Talk With You Like A Woman

African American Women, Justice, and Reform in 1890-1935

By Cheryl D. Hicks

bookWith this book, Cheryl Hicks brings to light the voices and viewpoints of black working-class women, especially southern migrants, who were the subjects of urban and penal reform in early twentieth-century New York. Hicks compares the ideals of racial uplift and reform programs of middle-class white and black activists to the experiences and perspectives of those whom they sought to protect and, often,control.

In need of support as they navigated the discriminatory labor and housing markets and contended with poverty, maternity, and domestic violence, black women instead found themselves subject to hostility from black leaders, urban reformers, and the police. Still, these black working-class women struggled to uphold their ownstandards of respectable womanhood. Through their actions as well as their words, they challenged prevailing views regarding black women and morality in urban America. Drawing on extensive archival research, Hicks explores the complexities of black working-class women's lives and illuminates the impact of racism and sexism on early twentieth-century urban reform and criminal justice initiatives.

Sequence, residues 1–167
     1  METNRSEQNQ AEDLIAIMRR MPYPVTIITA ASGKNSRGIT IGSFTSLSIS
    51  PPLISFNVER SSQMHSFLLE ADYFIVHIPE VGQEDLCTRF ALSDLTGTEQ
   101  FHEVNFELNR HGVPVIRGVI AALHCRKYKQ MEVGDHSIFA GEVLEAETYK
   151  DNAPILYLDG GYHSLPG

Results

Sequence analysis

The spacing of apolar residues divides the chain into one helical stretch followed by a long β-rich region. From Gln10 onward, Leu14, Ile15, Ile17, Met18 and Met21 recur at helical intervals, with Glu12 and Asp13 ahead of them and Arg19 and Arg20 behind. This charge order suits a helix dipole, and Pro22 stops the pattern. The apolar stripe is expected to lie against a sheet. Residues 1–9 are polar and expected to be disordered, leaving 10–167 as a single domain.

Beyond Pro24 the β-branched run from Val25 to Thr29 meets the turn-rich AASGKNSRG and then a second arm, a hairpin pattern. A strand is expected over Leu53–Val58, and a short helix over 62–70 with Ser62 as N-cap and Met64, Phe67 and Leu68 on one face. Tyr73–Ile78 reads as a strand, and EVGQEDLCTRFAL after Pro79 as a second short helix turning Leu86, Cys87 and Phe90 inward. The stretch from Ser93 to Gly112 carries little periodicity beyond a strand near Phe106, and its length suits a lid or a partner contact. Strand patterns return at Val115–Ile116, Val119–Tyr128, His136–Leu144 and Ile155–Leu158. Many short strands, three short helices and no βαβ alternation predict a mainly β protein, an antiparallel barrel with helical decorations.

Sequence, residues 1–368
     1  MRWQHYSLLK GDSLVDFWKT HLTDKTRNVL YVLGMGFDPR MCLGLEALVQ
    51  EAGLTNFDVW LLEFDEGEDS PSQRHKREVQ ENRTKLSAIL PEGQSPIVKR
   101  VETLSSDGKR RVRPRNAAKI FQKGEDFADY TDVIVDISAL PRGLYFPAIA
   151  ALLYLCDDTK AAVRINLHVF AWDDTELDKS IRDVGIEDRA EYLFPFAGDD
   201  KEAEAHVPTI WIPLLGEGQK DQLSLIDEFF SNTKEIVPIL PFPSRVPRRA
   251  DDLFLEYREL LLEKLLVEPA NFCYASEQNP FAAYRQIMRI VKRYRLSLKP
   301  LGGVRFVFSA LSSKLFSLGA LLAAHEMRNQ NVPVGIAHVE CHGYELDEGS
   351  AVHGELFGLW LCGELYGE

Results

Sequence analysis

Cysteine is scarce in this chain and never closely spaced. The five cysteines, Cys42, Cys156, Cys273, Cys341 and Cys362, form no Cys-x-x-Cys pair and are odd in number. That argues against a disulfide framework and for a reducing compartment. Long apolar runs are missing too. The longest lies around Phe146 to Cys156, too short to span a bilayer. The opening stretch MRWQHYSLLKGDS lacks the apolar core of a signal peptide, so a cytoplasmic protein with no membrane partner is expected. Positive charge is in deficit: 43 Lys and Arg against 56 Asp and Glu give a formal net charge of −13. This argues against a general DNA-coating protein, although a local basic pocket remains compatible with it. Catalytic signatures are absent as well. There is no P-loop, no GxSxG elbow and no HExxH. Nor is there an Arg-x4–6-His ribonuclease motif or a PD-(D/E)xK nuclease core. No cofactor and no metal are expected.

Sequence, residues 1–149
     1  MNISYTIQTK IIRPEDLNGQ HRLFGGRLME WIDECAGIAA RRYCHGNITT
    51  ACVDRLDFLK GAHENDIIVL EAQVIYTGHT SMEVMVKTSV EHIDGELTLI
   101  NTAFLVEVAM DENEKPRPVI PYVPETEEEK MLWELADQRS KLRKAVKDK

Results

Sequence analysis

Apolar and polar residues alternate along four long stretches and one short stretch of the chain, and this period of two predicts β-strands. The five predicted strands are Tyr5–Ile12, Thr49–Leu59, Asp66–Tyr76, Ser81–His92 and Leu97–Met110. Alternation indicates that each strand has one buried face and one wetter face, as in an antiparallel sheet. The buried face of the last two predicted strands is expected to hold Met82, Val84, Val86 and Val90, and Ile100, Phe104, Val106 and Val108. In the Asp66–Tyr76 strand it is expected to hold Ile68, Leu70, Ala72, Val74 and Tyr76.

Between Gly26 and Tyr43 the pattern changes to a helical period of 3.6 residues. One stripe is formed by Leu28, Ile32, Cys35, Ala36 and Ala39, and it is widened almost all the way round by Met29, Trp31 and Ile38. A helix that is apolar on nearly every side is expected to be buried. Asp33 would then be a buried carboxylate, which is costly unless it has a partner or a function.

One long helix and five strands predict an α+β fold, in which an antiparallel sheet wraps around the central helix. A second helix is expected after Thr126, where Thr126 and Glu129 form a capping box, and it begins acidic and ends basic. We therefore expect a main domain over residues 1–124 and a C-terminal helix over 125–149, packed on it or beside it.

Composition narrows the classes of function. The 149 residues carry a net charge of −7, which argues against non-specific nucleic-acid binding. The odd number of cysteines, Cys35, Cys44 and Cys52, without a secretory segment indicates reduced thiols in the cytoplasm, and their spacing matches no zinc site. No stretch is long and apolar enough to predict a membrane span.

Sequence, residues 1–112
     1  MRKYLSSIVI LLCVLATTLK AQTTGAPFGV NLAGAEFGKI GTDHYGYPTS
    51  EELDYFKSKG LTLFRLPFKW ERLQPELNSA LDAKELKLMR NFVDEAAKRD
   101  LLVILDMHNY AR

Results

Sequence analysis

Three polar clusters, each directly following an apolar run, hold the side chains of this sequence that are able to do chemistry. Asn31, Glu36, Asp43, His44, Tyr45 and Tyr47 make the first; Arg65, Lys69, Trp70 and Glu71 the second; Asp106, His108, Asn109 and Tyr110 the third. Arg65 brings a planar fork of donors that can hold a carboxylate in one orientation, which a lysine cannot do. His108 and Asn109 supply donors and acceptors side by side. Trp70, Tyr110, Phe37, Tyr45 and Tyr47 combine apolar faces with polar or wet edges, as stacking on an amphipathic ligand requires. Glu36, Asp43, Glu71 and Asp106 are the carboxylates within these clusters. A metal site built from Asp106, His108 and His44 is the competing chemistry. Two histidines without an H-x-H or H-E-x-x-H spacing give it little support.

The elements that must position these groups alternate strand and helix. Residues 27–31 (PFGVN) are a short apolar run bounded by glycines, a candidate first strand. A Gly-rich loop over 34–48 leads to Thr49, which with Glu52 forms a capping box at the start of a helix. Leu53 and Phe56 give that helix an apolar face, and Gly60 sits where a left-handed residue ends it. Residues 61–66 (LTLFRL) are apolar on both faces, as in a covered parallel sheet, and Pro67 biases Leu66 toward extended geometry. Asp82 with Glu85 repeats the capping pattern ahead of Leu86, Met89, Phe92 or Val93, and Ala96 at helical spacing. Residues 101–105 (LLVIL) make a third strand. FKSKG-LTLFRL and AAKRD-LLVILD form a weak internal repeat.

Publisher: University of North Carolina Press, North Carolina

About Dr. Hicks

Cheryl D. Hicks is assistant professor of history at the University of North Carolina at Charlotte. She received her B.A. from the University of Virginia and her Ph.D. from Princeton University. Her research interests include: late 19th and 20th century African American and American History, Urban, Gender and Civil Rights History.

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